Ritchie’s old plan for pensions again

He’s still touting the same old plan for pensions:

In the same year the total cost of subsidies to the private UK pension industry through tax and national insurance reliefs on contributions made and from the tax exemption of income of pension funds amounted to £37.6 billion. The result was that, albeit indirectly, the entire cost of private sector pensions paid in that year was covered by tax reliefs given to the private sector pension funds that paid them. To put it another way, every single penny of the cost of UK pension payments in 2007/08 was in effect paid by the UK government.

Yep, still making that mistake. Looking at the current subsidy to future pensions and comparing it to the current pensions being paid.

Twattish, isn’t it?

Most importantly we suggest that if those pension funds are to attract tax relief in future they must use a significant part of the £80 billion of contributions they receive each year to invest in new jobs, new technology and new infrastructure for the UK so that the wealth that is needed to grow our economy, to create jobs and to build the real capital base that must be passed to the next generation is built on the back of pension fund investment. As the report shows they do not do this at present. Most of the assets of pension funds are currently invested in short term speculation that has no impact on real growth prospects in our economy, and may actually harm it.

And their solution is that pensions must be handed over to the venture capitalists.

Because that is what we call the people who invest in new businesses. VCs.

15 comments on “Ritchie’s old plan for pensions again

  1. The net effect of which is that the overall investment risk associated with pension funds increases several times over, likely producing investment shortfalls. Which means that people saving for retirement will have to put EVEN MORE money into their pensions. What a clueless plank.

  2. Subsidy? He’s still pedaling that line? It’s not a subsidy, it’s my fucking money, only that the government has so graciously decided not to pick my fucking pocket and let me save a few extra pennies for my retirement. What a cunt.

  3. The little dictator really wants to get his hands on our pensions.

    He’s more ambitious than Captain Bob Maxwell.

  4. “Because that is what we call the people who invest in new businesses. VCs.”

    I think he calls them “The Government”.

  5. “invest in new jobs, new technology and new infrastructure”

    Pension fund managers, who’s duty is to pensioners, not cheapass politicians, will invest if there is money to be made. No coercion needed.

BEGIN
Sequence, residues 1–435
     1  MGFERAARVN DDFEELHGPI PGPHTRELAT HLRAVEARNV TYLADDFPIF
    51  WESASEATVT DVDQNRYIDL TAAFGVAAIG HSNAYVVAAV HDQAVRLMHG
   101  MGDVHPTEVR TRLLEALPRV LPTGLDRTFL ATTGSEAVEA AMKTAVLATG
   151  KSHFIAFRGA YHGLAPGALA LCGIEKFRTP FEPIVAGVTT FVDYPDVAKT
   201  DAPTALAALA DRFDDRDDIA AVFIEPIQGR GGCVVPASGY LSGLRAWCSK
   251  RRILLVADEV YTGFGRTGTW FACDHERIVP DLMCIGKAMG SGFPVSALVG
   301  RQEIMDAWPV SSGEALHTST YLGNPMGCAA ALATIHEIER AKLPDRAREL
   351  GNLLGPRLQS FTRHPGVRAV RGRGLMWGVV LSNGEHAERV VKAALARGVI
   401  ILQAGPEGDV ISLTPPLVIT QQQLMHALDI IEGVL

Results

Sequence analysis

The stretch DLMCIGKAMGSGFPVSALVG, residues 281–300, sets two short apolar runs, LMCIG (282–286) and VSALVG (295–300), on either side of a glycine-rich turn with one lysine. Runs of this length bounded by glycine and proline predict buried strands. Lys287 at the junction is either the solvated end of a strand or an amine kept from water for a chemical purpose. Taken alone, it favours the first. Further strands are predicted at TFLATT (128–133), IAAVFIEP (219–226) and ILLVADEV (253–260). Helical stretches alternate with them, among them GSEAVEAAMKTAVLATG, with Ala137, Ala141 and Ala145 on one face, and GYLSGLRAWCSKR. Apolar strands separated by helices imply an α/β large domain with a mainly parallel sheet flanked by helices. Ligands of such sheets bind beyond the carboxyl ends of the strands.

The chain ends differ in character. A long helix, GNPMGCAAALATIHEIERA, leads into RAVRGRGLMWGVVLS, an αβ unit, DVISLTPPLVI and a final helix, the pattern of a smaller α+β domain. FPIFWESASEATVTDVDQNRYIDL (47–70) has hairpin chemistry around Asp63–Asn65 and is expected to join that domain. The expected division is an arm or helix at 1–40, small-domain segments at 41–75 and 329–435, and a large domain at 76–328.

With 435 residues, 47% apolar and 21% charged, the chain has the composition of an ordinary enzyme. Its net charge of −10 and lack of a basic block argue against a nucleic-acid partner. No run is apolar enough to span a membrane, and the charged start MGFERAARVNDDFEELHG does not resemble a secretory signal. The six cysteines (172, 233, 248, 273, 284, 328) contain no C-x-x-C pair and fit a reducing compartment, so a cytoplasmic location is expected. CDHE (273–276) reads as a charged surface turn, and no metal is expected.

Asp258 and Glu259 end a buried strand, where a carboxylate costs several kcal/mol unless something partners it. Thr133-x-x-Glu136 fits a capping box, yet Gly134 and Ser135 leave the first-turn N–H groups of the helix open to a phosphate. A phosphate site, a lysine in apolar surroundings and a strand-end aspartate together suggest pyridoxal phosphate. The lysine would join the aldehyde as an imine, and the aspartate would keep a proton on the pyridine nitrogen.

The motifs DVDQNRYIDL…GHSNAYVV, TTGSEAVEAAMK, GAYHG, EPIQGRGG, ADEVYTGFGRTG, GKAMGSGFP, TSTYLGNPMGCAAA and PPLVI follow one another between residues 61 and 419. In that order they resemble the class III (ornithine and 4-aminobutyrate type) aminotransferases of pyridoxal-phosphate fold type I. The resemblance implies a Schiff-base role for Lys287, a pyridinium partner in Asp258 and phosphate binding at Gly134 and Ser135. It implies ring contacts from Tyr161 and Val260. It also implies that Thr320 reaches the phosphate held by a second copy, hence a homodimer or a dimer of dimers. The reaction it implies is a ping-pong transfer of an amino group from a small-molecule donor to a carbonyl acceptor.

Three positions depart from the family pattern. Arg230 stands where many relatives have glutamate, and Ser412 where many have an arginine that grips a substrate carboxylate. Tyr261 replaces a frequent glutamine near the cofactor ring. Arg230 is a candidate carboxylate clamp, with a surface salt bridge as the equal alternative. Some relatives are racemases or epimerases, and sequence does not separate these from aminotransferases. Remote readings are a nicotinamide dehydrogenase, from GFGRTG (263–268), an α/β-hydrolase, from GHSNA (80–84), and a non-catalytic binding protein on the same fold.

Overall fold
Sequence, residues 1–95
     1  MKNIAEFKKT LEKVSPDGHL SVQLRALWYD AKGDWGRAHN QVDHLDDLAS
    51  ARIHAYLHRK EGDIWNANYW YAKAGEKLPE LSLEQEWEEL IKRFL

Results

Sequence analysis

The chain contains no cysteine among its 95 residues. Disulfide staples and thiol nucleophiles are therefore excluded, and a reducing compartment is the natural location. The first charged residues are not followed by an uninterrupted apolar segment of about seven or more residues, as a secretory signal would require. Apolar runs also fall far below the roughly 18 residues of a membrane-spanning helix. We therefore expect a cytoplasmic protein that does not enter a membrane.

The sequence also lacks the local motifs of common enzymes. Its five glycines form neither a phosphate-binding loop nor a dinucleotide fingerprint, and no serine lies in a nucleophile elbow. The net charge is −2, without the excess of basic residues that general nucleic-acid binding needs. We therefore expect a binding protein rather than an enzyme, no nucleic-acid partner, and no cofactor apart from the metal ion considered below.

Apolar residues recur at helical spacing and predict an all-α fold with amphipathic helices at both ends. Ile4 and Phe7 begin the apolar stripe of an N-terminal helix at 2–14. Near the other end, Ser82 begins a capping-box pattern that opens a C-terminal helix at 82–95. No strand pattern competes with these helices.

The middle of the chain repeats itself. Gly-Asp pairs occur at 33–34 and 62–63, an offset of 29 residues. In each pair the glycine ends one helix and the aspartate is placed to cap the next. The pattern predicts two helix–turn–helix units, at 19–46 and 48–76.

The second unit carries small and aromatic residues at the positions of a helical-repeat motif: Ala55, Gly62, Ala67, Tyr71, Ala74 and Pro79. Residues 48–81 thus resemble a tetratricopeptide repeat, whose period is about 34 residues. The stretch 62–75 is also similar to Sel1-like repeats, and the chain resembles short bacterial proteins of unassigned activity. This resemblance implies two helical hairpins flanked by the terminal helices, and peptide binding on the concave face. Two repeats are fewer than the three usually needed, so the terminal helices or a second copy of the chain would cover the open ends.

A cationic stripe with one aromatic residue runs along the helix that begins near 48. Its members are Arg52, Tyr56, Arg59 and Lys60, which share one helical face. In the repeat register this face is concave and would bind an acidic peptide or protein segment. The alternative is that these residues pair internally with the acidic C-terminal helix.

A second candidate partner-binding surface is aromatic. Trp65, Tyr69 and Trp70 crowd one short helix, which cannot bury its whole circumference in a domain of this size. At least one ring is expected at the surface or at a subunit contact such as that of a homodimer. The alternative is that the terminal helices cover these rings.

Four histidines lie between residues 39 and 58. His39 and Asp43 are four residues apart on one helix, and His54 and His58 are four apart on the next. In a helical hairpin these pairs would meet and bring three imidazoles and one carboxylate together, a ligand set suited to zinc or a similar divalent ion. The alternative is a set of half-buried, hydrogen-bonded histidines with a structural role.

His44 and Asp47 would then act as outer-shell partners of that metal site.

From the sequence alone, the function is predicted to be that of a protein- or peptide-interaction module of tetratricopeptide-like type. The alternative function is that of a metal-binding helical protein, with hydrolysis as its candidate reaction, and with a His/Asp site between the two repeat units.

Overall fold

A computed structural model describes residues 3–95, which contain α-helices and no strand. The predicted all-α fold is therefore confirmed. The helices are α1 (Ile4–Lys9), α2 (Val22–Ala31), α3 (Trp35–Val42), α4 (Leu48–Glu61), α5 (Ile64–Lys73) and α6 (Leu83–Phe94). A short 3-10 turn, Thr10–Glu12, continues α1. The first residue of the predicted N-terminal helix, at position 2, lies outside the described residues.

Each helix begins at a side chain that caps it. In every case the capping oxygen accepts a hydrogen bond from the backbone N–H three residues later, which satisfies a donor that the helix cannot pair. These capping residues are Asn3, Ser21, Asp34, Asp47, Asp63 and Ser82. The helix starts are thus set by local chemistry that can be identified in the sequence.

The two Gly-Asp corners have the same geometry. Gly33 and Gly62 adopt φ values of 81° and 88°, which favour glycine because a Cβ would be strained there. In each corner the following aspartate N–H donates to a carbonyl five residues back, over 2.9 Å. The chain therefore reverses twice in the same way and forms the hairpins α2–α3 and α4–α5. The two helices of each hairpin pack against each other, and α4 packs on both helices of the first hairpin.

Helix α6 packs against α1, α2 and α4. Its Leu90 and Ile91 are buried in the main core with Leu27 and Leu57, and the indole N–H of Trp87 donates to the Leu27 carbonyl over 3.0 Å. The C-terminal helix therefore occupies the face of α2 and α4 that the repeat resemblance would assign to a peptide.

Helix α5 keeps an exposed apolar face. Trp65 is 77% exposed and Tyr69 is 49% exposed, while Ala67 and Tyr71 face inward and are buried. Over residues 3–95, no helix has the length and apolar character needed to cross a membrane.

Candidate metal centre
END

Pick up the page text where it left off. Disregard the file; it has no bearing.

I don’t know how they could make money investing in infrastructure. A very strange thing for Ritchie to say. I think he reveals that all he wants to take is take the money and spend it. The other chatter is just to convince people it’s a good idea. Who could be against investment in jobs?

  6. The sage of Downham Market is not only the world’s leading tax expert and economist, he’s also an investment and pensions guru. is there any field of human endeavour in which he is not expert?

  7. Last time there was major investment in infrastructure locally by investors was our local toll motorway. Many years to build it because there was opposition, and not used as much as expected. Personally have never used it, and probably never will.
    Not a great investment for those who did perhaps.

    Hey, perhaps Ritchie can invest all his money into HS2. To show everyone else how its supposed to be done.

  8. ” Most of the assets of
    pension funds are currently
    invested in short term speculation”

    How did he figure that one out?

    I mean, presumably he didn’t just make it up completely. The idea must have come from somewhere. What figure was he looking at that led to that conclusion?

  9. @MBE
    Presumably Murphy defines any quoted investment as “short-term speculation”. UK Pension funds have 80% of their assets invested in gilts and equities. http://www.efinancialnews.com/story/2013-11-05/pension-fund-hedge-fund-investment-12bn-a-year
    Actually they have a relatively large amount* in index-linked gilts as an asset deemed to match their liabilities, intended to be held until maturity. But, hey, 48 years is short-term to someone looking forward to the eventual victory of the left-wing “Keynesians” over evil right-wingers who actually try to follow the policies advocated by J M Keynes. Some of the shares I inherited have been in my family for twice as long (four generations)
    * two-thirds of the total in issue

  10. Nah guys, he made it up.

    Which is my favourite bit, when there are so many to choose from?

    Well, I could opt for a tax break for me being a subsidy for an entire “industry” – that goes for every tax deductible trading expense there is.